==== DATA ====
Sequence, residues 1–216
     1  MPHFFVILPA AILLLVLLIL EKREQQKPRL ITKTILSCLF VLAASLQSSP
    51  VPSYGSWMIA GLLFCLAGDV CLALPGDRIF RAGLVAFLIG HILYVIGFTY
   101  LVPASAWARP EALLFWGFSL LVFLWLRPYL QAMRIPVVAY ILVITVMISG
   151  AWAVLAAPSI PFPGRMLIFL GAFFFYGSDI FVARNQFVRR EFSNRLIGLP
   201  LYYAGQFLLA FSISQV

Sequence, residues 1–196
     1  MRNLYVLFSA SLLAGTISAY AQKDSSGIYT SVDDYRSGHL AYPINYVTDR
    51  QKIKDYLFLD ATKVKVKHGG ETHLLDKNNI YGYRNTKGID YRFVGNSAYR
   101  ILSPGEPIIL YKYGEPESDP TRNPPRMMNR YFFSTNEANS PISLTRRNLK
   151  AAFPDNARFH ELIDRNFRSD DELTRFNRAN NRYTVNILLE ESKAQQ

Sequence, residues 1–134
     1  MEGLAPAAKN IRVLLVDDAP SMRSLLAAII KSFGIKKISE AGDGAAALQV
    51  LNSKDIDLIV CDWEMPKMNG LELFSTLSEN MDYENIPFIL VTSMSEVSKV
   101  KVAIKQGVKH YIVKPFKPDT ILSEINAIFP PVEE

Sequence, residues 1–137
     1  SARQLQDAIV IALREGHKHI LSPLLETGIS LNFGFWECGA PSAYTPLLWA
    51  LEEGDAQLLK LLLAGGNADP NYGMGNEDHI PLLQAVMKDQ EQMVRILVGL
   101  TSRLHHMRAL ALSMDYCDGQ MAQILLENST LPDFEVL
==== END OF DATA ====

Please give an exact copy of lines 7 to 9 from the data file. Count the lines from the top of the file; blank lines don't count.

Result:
Sequence, residues 1–196
     1  MRNLYVLFSA SLLAGTISAY AQKDSSGIYT SVDDYRSGHL AYPINYVTDR
    51  QKIKDYLFLD ATKVKVKHGG ETHLLDKNNI YGYRNTKGID YRFVGNSAYR